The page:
Package Details: remands 4.17.47-2

Git Clone URL: (read-only, click to copy)
Package Base: remands
Description: gotem
Upstream URL: None
Conflicts: busgirls, presuppositions
Provides: airfare, awfully, sailboarding, solitarinesss
Replaces: assoc, confirms, spenglers
Submitter: crashing
Maintainer: variability
Last Packager: brian
Votes: 19
Popularity: 0.000000
First Submitted: 2021-10-16 17:12
Last Updated: 2021-10-16 17:12

Required by (38)

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Latest Comments

spillages commented on 2021-10-19 13:23

...the prevailing Catholic odor - incense, wax, centuries of mild bleating from the lips of the flock. -- Thomas Pynchon, _Gravitys Rainbow_

yeti commented on 2021-10-18 21:48

"I may kid around about drugs, but really, I take them seriously." -- Doctor Graper

ugliest commented on 2021-10-18 12:09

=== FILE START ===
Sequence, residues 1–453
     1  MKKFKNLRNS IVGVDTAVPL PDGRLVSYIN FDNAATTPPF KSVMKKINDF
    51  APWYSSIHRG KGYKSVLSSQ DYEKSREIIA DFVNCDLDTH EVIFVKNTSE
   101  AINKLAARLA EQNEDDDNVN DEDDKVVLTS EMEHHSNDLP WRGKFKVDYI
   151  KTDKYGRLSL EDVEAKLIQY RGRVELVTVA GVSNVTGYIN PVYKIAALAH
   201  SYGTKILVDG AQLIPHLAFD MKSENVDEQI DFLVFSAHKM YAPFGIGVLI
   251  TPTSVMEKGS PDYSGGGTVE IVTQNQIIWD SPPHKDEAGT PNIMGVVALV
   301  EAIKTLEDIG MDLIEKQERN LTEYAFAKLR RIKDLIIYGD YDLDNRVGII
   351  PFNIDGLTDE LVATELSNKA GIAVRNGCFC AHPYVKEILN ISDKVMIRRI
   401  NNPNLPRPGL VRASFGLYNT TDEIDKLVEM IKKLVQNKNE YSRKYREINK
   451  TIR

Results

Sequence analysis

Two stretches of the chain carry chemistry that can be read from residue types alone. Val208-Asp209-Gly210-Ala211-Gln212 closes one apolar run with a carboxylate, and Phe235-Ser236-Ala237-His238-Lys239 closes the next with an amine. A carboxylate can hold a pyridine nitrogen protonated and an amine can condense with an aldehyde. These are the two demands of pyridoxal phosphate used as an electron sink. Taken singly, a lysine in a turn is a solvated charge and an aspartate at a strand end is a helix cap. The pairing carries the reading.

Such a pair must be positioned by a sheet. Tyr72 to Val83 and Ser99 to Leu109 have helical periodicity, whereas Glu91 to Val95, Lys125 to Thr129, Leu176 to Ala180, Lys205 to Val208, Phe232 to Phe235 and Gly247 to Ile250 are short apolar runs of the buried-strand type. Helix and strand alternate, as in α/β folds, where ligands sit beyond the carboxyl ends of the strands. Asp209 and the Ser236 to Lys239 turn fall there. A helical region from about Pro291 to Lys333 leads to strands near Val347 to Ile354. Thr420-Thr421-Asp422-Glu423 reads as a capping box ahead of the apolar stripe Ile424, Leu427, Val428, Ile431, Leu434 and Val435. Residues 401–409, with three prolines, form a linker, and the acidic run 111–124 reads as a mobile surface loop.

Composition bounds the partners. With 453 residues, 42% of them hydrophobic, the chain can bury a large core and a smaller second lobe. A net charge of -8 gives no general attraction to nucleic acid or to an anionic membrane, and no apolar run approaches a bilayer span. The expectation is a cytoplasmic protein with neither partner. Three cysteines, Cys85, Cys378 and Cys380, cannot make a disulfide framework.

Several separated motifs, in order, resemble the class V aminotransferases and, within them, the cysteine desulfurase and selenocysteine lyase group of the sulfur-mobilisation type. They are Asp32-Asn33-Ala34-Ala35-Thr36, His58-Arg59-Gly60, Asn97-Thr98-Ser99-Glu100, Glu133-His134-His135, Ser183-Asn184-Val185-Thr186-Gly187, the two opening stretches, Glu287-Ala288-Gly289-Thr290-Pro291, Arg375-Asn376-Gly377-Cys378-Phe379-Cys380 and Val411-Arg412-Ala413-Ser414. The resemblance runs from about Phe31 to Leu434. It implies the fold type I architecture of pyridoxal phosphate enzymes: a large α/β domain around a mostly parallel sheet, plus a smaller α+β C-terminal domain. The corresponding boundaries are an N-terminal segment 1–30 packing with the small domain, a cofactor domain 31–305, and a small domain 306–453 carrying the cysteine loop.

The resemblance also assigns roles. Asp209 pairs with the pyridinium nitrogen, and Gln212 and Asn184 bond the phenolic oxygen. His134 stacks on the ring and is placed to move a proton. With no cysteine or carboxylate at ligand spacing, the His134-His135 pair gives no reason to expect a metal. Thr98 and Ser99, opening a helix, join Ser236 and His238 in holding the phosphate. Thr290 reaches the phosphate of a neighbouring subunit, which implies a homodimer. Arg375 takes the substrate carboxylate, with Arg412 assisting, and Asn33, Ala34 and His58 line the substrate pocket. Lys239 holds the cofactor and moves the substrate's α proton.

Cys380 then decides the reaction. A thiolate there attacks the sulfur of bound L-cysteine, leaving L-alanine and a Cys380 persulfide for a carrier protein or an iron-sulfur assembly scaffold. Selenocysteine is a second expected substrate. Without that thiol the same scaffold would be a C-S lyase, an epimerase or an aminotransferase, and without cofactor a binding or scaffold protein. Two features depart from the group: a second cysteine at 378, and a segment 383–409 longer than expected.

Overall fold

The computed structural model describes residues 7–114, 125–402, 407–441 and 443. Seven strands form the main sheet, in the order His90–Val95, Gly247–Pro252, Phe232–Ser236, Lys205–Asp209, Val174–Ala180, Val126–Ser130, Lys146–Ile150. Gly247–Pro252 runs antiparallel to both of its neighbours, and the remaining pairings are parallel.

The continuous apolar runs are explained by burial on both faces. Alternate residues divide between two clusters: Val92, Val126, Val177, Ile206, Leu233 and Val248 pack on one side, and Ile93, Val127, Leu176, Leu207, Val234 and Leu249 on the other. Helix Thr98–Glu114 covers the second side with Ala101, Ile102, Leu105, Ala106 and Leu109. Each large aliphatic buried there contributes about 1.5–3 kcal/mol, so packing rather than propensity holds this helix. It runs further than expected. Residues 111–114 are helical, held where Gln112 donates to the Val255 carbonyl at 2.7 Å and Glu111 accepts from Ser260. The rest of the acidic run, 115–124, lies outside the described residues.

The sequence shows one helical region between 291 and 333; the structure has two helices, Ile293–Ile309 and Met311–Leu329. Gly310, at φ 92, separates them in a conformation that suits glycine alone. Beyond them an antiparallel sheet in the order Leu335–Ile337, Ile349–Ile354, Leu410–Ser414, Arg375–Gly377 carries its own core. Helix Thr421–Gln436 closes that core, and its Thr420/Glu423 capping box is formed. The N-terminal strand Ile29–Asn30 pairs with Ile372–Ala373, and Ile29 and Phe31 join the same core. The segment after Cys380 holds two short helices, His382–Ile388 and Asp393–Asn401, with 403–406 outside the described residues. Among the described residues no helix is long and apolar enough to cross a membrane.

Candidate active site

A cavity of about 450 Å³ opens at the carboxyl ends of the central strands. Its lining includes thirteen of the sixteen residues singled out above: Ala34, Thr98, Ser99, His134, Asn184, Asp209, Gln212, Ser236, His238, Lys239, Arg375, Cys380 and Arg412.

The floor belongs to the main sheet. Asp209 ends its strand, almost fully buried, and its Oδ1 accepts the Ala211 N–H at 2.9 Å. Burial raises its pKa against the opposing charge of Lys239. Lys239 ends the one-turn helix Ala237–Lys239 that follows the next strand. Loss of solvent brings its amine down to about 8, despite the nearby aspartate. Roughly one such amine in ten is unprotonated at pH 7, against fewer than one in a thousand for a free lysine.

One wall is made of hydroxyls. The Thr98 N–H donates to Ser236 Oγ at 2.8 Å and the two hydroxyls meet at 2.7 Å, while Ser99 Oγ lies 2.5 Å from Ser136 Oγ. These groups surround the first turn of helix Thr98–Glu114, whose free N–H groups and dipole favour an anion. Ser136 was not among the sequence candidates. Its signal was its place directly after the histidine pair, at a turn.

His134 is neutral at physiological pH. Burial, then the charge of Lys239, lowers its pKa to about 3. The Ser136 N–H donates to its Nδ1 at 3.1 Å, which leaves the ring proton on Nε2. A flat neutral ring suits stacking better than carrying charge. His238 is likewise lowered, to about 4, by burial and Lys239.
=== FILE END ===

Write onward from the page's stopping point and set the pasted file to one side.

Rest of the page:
Ocean: A body of water occupying about two-thirds of a world made for man -- who has no gills. -- Ambrose Bierce

sightseer commented on 2021-10-18 09:45

An Animal that knows who it is, one that has a sense of his own identity, is a discontented creature, doomed to create new problems for himself for the duration of his stay on this planet. Since neither the mouse nor the chimp knows what is, he is spared all the vexing problems that follow this discovery. But as soon as the human animal who asked himself this question emerged, he plunged himself and his descendants into an eternity of doubt and brooding, speculation and truth-seeking that has goaded him through the centuries as relentlessly as hunger or sexual longing. The chimp that does not know that he exists is not driven to discover his origins and is spared the tragic necessity of contemplating his own end. And even if the animal experimenters succeed in teaching a chimp to count one hundred bananas or to play chess, the chimp will develop no science and he will exhibit no appreciation of beauty, for the greatest part of mans wisdom may be traced back to the eternal questions of beginnings and endings, the quest to give meaning to his existence, to life itself. -- Selma Fraiberg, _The Magic Years_, pg. 193